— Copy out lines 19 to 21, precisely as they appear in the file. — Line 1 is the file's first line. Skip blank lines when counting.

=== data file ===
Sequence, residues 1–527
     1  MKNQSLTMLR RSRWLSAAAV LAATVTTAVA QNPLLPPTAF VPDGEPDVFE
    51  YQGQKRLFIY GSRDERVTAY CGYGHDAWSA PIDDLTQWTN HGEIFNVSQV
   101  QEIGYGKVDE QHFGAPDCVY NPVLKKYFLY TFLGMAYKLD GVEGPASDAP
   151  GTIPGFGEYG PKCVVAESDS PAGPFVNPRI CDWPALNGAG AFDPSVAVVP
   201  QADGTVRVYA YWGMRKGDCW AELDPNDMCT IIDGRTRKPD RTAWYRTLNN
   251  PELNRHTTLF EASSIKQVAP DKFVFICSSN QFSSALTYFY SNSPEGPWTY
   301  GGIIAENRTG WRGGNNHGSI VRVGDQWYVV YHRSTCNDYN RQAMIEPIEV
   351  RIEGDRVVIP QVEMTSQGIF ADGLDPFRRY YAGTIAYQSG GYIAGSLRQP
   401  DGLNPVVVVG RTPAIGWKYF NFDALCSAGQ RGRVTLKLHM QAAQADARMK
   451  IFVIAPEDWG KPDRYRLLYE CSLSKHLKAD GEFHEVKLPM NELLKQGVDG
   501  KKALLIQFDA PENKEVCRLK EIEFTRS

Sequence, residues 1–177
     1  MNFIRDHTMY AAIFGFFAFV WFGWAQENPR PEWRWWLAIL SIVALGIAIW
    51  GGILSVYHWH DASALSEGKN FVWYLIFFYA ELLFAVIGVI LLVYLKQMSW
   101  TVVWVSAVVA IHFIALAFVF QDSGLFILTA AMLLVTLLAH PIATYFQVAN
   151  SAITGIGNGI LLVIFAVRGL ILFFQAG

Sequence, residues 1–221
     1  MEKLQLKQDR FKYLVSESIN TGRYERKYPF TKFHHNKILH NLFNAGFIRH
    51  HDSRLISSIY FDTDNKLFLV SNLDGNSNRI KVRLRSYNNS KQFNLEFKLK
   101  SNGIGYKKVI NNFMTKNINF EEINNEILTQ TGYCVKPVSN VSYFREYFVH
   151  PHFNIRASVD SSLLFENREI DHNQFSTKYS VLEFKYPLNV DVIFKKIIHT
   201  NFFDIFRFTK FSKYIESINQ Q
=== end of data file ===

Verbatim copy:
     1  MEKLQLKQDR FKYLVSESIN TGRYERKYPF TKFHHNKILH NLFNAGFIRH
    51  HDSRLISSIY FDTDNKLFLV SNLDGNSNRI KVRLRSYNNS KQFNLEFKLK
   101  SNGIGYKKVI NNFMTKNINF EEINNEILTQ TGYCVKPVSN VSYFREYFVH